Here is the truth. Like many of us, my relationship with food has been based on a dichotomy between calorie counting and indulging. All of which has more often than not been dictated by lack of sleep, relationship woes, work highs and lows and has all been wrapped into a nice little bundle of subconscious decision making followed by a nice dose of self loathing. You know what we’re referring to, all those times you have reached for your fifth Tim Tam only to realise you don’t even remember eating the first four nor did you need them. But here is the good news; you don’t have to have a love-hate relationship with food. If you work to reconnect with the very raw reason we eat, which is to nourish our bodies and out of necessity, you will never have to calorie count again. More importantly you will stop the cycle of punishing yourself with food.
Ask yourself are you hungry or bored?
How many times have you reached for your third protein ball for the day out of boredom rather than necessity? The truth is that at Happy Way HQ, the temptation is always too real. With a test kitchen located at our head office, there is always a delicious and healthy treat within reach. However, no matter what kind of snack you are reaching for, if your goal is to lose weight, a calorie deficit is key. It doesn’t matter how much effort you put in to eat clean or to go to the gym, if you are reaching for a snack every time you are stressed, bored, sad, frustrated or tired, your weight loss or weight management journey will be much harder. Yet telling yourself you SHOULDN’T eat something as opposed to deciding you DON’T NEED TO will change your relationship with food.
Next time you reach for a snack or feel like ordering from UberEats why don’t you try asking yourself these questions instead each time.
- What is my emotional state at the moment? Am I stressed, sad, tired, frustrated or feeling a bit low?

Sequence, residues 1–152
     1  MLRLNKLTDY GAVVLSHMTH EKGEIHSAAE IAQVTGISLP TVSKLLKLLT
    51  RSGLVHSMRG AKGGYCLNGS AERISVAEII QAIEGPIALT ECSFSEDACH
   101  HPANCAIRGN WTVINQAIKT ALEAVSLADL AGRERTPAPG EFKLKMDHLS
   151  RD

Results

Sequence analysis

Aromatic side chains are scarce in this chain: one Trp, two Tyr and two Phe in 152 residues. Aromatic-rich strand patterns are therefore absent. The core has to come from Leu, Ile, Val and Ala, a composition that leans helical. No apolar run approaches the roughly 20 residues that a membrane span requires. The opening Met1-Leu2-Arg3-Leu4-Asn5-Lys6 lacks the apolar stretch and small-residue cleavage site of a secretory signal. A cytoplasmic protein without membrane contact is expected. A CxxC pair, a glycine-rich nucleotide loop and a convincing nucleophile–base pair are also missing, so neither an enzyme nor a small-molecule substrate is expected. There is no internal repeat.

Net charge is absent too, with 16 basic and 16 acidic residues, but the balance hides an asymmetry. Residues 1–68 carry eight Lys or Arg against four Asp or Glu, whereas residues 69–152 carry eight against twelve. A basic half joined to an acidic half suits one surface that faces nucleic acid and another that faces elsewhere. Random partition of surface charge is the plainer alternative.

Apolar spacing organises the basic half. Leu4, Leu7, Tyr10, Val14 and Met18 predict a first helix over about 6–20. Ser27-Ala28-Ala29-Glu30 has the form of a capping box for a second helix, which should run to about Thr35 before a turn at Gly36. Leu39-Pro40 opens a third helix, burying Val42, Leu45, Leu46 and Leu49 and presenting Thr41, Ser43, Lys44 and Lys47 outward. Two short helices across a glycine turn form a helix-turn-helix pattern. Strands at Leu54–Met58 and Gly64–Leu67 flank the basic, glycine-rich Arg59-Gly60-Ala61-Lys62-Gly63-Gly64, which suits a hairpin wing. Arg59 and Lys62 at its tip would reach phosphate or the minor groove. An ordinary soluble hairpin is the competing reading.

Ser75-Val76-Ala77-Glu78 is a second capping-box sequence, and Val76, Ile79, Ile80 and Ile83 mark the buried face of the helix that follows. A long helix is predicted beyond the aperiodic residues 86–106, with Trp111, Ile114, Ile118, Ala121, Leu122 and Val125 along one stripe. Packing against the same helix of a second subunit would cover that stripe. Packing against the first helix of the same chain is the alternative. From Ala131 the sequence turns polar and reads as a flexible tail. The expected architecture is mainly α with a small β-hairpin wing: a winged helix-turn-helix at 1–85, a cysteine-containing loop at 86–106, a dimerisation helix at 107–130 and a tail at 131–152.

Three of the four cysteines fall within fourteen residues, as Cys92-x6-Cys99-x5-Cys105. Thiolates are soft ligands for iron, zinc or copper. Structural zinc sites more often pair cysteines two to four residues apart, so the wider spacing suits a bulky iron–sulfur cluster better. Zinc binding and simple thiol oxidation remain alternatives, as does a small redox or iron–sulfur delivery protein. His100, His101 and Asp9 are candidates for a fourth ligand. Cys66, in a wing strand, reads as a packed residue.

- How will this food benefit me? Will it provide my body with nutrients, vitamins and minerals or empty calories?
- How will I feel after consuming this food?
- Am I hungry or am I really just thirsty?
Reconnect with your food…
Unless you live on a farm or work in the hospitality industry preparing decedent meals for the rest of us to enjoy, the truth is that many of us have become disconnected with our food. With busy lifestyles on the increase and many of us reaching for pre-packaged options, the reality is that we don’t stop to consider where our ingredients have come from and the wider picture. Mindful eating begins with reconnecting with the source of our food and all the resources and people that it has taken to put a particular plate of food on our table.
A change in this attitude begins during the shopping (or once referred to as gathering) stage of our food cycle. Rather than walking down each isle in an all too common zombie state we have all become accustomed to, spend the time to really research and get to know your produce and ingredients. This could be as simple as looking into where you fresh fruits and vegetables have come from and opting to support local farmers. It means reading the back of your food packets to see if the ingredients serve you, are wholesome, clean and worth eating. It means stopping to smell, feel and connect with your produce like your nanna once used to do at the local markets.